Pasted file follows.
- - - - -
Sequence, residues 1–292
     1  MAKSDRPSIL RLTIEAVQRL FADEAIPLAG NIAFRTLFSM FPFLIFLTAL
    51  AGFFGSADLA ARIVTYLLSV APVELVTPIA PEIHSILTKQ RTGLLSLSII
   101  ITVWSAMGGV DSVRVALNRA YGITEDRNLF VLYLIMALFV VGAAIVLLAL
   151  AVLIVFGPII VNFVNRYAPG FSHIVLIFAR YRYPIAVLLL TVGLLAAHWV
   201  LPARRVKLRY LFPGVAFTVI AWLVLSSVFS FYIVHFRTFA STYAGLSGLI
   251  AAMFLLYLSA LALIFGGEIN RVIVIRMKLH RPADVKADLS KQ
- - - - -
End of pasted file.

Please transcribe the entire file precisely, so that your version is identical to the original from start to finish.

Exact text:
Sequence, residues 1–292
     1  MAKSDRPSIL RLTIEAVQRL FADEAIPLAG NIAFRTLFSM FPFLIFLTAL
    51  AGFFGSADLA ARIVTYLLSV APVELVTPIA PEIHSILTKQ RTGLLSLSII
   101  ITVWSAMGGV DSVRVALNRA YGITEDRNLF VLYLIMALFV VGAAIVLLAL
   151  AVLIVFGPII VNFVNRYAPG FSHIVLIFAR YRYPIAVLLL TVGLLAAHWV
   201  LPARRVKLRY LFPGVAFTVI AWLVLSSVFS FYIVHFRTFA STYAGLSGLI
   251  AAMFLLYLSA LALIFGGEIN RVIVIRMKLH RPADVKADLS KQ